False positive rates in positron emission tomography (PET) voxelwise analyses
Research output: Contribution to journal › Journal article › peer-review
Final published version, 1.01 MB, PDF document
Issues with inflated false positive rates (FPRs) in brain imaging have recently received significant attention. However, to what extent FPRs present a problem for voxelwise analyses of Positron Emission Tomography (PET) data remains unknown. In this work, we evaluate the FPR using real PET data under group assignments that should yield no significant results after correcting for multiple comparisons. We used data from 159 healthy participants, imaged with the serotonin transporter ([11C]DASB; N = 100) or the 5-HT4 receptor ([11C]SB207145; N = 59). Using this null data, we estimated the FPR by performing 1,000 group analyses with randomly assigned groups of either 10 or 20, for each tracer, and corrected for multiple comparisons using parametric Monte Carlo simulations (MCZ) or non-parametric permutation testing. Our analyses show that for group sizes of 10 or 20, the FPR for both tracers was 5-99% using MCZ, much higher than the expected 5%. This was caused by a heavier-than-Gaussian spatial autocorrelation, violating the parametric assumptions. Permutation correctly controlled the FPR in all cases. In conclusion, either a conservative cluster forming threshold and high smoothing levels, or a non-parametric correction for multiple comparisons should be performed in voxelwise analyses of brain PET data.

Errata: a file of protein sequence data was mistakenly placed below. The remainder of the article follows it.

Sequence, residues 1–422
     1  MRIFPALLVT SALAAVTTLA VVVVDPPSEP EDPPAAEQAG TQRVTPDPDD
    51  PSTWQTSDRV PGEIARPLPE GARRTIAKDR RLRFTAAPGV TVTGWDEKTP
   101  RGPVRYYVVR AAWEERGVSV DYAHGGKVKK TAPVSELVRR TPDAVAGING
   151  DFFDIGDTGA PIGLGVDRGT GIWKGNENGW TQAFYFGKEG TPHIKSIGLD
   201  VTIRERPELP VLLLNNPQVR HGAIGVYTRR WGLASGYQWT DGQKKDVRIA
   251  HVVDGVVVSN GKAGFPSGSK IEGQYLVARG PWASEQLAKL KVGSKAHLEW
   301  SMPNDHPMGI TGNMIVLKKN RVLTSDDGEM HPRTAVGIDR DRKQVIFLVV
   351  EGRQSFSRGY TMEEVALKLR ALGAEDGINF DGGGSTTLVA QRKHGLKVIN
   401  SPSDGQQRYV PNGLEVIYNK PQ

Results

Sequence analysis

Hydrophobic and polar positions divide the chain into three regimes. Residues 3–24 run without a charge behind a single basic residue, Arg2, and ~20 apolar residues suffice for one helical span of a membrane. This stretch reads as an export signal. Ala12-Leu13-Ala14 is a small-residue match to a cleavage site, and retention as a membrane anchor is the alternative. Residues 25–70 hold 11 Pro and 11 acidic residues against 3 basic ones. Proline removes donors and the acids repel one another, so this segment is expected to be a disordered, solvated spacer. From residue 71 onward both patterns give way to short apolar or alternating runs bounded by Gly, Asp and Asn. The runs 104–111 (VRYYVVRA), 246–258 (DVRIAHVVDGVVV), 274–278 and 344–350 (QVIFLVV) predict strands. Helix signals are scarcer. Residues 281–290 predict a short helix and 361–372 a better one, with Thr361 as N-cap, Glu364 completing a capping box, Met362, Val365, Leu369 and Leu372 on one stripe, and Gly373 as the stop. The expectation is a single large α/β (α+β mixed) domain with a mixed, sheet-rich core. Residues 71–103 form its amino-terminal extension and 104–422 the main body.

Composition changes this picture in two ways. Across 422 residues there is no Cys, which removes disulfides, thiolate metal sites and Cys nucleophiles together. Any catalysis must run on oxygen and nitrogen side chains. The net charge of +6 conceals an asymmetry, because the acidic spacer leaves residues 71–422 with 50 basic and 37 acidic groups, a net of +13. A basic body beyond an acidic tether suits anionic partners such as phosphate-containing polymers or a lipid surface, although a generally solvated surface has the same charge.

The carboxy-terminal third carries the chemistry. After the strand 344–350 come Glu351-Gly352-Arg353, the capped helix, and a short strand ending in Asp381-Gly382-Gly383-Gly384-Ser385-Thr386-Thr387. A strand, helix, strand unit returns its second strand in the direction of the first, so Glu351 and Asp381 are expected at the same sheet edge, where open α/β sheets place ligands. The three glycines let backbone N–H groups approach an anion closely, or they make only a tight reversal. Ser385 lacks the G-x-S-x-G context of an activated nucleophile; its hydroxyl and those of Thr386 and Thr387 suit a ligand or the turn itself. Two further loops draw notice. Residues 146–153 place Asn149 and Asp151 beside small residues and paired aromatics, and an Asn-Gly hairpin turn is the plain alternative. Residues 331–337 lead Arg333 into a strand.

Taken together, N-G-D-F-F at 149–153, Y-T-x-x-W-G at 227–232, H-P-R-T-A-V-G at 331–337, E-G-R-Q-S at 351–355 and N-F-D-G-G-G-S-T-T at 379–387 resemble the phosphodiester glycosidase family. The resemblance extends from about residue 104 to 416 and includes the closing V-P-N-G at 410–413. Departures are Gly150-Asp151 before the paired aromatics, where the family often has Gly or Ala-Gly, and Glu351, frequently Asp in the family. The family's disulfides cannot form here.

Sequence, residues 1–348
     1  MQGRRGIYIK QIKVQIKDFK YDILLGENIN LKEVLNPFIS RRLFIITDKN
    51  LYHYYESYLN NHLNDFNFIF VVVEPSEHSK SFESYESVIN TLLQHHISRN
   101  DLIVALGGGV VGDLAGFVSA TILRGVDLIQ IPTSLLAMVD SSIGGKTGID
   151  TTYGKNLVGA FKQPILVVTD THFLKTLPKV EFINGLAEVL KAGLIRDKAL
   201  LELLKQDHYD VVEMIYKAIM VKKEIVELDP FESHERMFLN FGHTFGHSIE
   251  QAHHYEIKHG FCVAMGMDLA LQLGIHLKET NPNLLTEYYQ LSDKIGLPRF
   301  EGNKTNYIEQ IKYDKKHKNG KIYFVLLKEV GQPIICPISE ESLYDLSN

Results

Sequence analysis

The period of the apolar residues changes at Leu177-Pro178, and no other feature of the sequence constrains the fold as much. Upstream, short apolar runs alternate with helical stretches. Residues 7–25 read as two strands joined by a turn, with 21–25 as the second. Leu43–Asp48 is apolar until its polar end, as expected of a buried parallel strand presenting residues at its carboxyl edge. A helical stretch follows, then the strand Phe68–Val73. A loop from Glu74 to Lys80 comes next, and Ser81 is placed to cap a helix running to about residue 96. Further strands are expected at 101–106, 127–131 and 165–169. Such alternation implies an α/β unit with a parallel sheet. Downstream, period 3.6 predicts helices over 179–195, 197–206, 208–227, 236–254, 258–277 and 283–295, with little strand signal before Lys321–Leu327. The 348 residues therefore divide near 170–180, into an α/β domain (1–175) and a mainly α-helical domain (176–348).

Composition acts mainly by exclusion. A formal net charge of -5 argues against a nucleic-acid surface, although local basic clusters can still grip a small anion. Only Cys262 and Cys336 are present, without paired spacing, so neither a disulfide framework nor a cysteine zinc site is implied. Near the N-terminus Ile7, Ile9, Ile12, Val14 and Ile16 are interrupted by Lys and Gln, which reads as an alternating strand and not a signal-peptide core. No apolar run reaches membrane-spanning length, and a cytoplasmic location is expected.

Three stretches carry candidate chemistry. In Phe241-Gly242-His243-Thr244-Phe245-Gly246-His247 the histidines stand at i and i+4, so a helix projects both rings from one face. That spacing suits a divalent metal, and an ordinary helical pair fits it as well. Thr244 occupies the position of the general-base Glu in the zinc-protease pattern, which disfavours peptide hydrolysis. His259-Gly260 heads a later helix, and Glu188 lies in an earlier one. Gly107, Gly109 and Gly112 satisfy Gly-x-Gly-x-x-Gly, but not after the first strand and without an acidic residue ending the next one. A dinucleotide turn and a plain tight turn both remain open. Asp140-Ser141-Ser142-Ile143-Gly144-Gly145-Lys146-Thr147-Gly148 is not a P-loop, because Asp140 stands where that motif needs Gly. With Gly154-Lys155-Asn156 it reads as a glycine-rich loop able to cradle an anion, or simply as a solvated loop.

|Journal||Journal of Cerebral Blood Flow and Metabolism|
|Number of pages||11|
|Publication status||Published - 1 Jul 2021|